Ontario is seeing an influx of complex patients. And their needs pose a serious challenges to the province’s health care system. In this new climate, practitioners must work together across care provider organizations. As a result, care coordination has never been more critical.
Luckily, there are many devoted professionals who are dedicated to finding patient-centred solutions. Care coordinators and case managers work tirelessly to ensure that patients get what they need, when they need it.
Filling this role means seeing the big picture. It means facilitating smooth care delivery. It also means empowering patients during their health care journeys by making sure their voices are heard. Needless to say, these are monumental tasks.
Currently, it’s a time of transition for care coordination in the province. The future looks bright. That said, if you’re a care coordinator, you’re facing significant barriers that may make it difficult to achieve your goals. In this post, we’ll look at four of the biggest challenges you face—and how technology can help.
By supporting initiatives like Health Links, Ontario has made care coordination a major priority. But resources will never be unlimited. And they certainly aren’t right now. Just this January, a provincial budgetary watchdog recommended additional cuts to health care spending.
Recent home care funding, support, and planning all represent significant steps toward better home care. But, as any care coordinator knows, gaps in service still exist. Community resources—such as those devoted to mental health care—aren’t always available.
In an American study, care coordinators identified a lack of resources in their communities as a major barrier to success. Often, the local context plays a role in health care performance.
The truth is, some geographical areas have fewer skilled frontline practitioners than others. And of course, community needs also differ. For this reason, the Ontario government has recognized the necessity of “adjust[ing] the Health Links model to address Rural/Northern realities.”
Sometimes, community circumstances can make care coordination particularly difficult. But no matter where you work, there are probably times when you have to scramble to connect the right patients with the right resources.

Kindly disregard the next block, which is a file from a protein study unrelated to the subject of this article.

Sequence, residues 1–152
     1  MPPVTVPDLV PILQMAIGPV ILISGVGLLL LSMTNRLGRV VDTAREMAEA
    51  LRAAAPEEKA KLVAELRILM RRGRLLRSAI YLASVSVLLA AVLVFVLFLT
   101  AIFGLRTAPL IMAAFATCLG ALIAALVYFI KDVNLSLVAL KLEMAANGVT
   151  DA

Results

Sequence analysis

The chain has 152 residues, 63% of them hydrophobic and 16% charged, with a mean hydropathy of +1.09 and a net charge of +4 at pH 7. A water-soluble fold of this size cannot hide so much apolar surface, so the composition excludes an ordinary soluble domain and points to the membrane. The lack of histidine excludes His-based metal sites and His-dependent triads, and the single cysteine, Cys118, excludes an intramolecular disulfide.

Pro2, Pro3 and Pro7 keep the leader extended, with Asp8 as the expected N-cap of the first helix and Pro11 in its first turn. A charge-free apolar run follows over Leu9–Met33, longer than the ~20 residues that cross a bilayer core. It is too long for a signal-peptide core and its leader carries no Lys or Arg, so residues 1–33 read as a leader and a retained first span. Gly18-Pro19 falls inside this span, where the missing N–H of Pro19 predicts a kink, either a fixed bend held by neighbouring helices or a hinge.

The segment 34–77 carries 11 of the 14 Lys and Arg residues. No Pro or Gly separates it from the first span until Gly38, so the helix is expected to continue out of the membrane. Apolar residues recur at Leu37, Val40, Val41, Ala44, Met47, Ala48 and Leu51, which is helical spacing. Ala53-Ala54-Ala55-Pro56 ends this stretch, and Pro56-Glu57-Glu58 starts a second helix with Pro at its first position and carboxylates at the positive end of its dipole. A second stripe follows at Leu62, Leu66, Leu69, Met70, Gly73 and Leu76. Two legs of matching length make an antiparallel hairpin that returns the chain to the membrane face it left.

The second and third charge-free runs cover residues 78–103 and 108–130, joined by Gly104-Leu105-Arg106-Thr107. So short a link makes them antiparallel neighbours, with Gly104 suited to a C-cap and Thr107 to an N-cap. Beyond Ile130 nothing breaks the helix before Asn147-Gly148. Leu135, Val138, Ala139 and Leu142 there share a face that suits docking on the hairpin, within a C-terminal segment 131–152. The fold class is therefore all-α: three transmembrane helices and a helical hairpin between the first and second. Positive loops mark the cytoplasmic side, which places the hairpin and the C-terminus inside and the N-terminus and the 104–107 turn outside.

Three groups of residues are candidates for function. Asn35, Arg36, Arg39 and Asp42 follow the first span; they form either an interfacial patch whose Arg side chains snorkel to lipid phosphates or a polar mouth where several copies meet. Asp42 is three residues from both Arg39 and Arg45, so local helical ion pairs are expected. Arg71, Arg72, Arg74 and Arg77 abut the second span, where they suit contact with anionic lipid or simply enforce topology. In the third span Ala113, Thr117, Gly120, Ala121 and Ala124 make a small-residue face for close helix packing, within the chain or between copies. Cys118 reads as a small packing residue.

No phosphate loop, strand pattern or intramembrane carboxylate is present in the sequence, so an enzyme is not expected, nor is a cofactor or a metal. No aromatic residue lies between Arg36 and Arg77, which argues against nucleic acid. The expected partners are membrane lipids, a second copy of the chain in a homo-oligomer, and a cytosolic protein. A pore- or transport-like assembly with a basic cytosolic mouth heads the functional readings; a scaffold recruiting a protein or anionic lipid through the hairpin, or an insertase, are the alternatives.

Chronic disease rates are on the rise. Care is becoming more complex. And increasingly, the government is moving services into the community—an ambitious transformation of the health care system.
Needless to say, these factors are leading to heavier workloads for a lot health care professionals. Leaders are being asked to take on greater accountability for results. As a care coordinator or case manager, you’re expected to make a measurable difference in your organization’s performance.
Consider the plan announced by the Champlain Local Health Integration Network (LHIN) last year. By the end of 2019, the LHIN plans to serve 10,000 patients through Health Links. Goals this ambitious are bound to result in stress for those who work toward achieving them.
Stress can, in fact, be a great motivator. But only to a point. According to the Yerkes-Dodson Law, higher levels of stress don’t drive efficiency. On the contrary—they can be harmful to productivity.
It goes without saying that feelings of anxiety can be a real problem for health care professionals. Practitioners feel empathy for patients, which means their emotions can run high—alongside their physiological stress.
As a care coordinator, you work closely with patients, discussing every aspect of their care. You’re also under constant pressure to do a lot with the resources you have. As a result, you may be particularly susceptible to this combination of stressors.
As a care coordinator, there are probably times when you face resistance from practitioners, caregivers—even patients. On the surface, this may look like a straightforward refusal to cooperate. Of course, it’s far more complicated than that.